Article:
Fitness

Running is fitness routine of choice

Amateur Safford does a marathon in his driveway, one of many going solo or online

American ultramarathon competitor Dean Karnazes running a virtual 5K race in Ross, California. Karnazes, who has done endurance races all over the world, is participating in different types of virtual races to stay fit during the coronavirus pandemic
American ultramarathon competitor Dean Karnazes running a virtual 5K race in Ross, California. Karnazes, who has done endurance races all over the world, is participating in different types of virtual races to stay fit during the coronavirus pandemic. PHOTO: AGENCE FRANCE-PRESSE

NEW YORK • It is not that amateur runner Forrester Safford ever planned on running an entire marathon by himself in his four-car driveway.

But this month, rather like George Mallory sizing up Mount Everest, he decided to do it simply because the chance was there.

"It was totally on a whim, just to see if I could," said the Virginia resident.

With a mix of high-and low-tech approaches, running is quickly emerging as the fitness routine of choice amid the coronavirus-induced lockdown, which has shuttered gyms and forced the suspension of sports across America.

For Safford, this new normal meant lacing up his sneakers at 2am and completing 42.195km in loops and figure-eights outside his house with a cooler of water, energy bars and Red Bull by his side.

"I figured I'd give it a mile and see what happened." he said.

"After a mile, I was like, 'I can do it, so let's just try'."

The accomplishment, documented in a map that tracked his Global Positioning System movements, went viral on Twitter with some 125,000 likes, with many on social media speculating that he had lost his faculties.

"My sister-in-law was hitting me up, like, 'Hey... people are saying you're nuts and stuff like that'. You know, it's fine, I'm not," the 38-year-old said.

With communal sports on hold for the near future, Safford is one of many going either solo or online.

"As long as you've got the right shoes, it's one of the easiest ways to just get out of your house and go get some exercise," said Ajee Wilson, the 800m bronze medallist at last year's World Championships in Doha, Qatar. She also competed in the 2016 Rio Olympic Games.

ACTING ON A WHIM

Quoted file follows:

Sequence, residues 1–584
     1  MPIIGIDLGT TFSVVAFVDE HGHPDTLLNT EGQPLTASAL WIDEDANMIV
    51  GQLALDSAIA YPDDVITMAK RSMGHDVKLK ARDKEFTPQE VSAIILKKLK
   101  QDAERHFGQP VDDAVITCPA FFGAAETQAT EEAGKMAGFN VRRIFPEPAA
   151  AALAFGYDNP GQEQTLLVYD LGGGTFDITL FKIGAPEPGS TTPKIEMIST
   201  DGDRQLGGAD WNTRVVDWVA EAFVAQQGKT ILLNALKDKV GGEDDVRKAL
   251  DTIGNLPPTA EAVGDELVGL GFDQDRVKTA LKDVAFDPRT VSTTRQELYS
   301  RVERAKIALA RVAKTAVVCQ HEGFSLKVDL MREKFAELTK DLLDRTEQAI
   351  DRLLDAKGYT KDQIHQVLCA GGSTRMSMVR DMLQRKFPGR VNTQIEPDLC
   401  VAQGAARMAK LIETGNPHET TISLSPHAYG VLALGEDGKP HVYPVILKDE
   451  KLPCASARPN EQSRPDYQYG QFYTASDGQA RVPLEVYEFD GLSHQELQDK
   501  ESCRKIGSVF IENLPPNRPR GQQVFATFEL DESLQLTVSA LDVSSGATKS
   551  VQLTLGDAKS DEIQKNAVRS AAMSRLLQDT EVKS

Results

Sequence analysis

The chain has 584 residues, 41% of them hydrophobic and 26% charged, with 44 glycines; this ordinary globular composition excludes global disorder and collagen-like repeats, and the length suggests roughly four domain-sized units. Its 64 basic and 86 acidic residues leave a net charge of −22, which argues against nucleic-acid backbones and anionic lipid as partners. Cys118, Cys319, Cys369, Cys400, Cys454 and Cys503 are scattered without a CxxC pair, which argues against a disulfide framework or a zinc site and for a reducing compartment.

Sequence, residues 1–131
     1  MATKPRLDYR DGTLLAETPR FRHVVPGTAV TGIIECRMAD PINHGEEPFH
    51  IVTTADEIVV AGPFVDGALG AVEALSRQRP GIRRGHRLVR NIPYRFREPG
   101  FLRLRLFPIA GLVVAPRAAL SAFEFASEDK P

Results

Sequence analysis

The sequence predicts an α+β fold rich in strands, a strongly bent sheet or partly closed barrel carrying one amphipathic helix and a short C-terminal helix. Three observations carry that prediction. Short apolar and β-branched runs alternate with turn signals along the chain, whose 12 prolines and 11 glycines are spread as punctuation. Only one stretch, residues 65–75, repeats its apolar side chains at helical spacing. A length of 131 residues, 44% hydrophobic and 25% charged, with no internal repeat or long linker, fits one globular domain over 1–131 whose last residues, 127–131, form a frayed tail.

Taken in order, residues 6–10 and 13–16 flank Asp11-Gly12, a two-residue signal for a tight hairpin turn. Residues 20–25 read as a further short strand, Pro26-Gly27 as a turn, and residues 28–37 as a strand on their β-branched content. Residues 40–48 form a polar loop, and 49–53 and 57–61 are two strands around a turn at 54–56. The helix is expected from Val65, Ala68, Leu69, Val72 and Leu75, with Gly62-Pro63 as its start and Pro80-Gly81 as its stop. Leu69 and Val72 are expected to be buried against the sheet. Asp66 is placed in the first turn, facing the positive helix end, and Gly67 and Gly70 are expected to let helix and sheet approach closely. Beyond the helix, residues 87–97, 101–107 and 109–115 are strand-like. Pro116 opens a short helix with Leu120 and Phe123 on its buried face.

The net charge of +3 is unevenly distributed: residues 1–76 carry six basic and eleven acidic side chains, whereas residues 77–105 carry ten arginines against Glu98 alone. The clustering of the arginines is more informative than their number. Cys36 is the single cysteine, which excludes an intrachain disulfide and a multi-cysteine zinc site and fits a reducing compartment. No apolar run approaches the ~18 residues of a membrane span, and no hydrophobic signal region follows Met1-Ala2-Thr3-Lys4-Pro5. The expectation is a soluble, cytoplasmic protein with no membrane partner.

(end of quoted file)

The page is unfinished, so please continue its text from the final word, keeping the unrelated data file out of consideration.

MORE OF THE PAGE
I figured I'd give it a mile and see what happened. After a mile, I was like, 'I can do it, so let's just try'.

FORRESTER SAFFORD , amateur runner, on his unplanned marathon.

She is part of a group of current or aspiring Olympians leading no-cost digital workouts for children in Manhattan, New York through Armory Track's City Track and Little Feet programmes.

The 25-year-old, who was gearing up for the US Olympic Trials before the postponement of the Tokyo Games, jumped at the chance to lead an online class.

"It's super important to try to be active and try to have things to take your mind off the fact that we're all kind of in the same boat, quarantined inside," she said.

Other athletes participating include Olympic sprinter Natasha Hastings and shot putter Joe Kovacs, who won silver in Rio and gold in Doha.

With its in-person races on hold through June 30, New York Road Runners (NYRR) has launched a virtual 5K race.

It has generated a friendly online rivalry between 2018 Boston Marathon champion Des Linden and top woman distance runner Stephanie Bruce, who are both competing.

"(Now) it's more important than ever to keep in touch with family, friends, and fellow runners," said Michael Capiraso, NYRR president and chief executive officer.

For marathon man Safford, virtual events and off-the-cuff runs are affirmations of what can be accomplished in trying times.

"We have to get this over with," he said. "I can run a marathon in my driveway, I figure people can find other stuff to do too at their house."

REUTERS

A version of this article appeared in the print edition of The Sunday Times on April 26, 2020, with the headline 'Running is fitness routine of choice'. Subscribe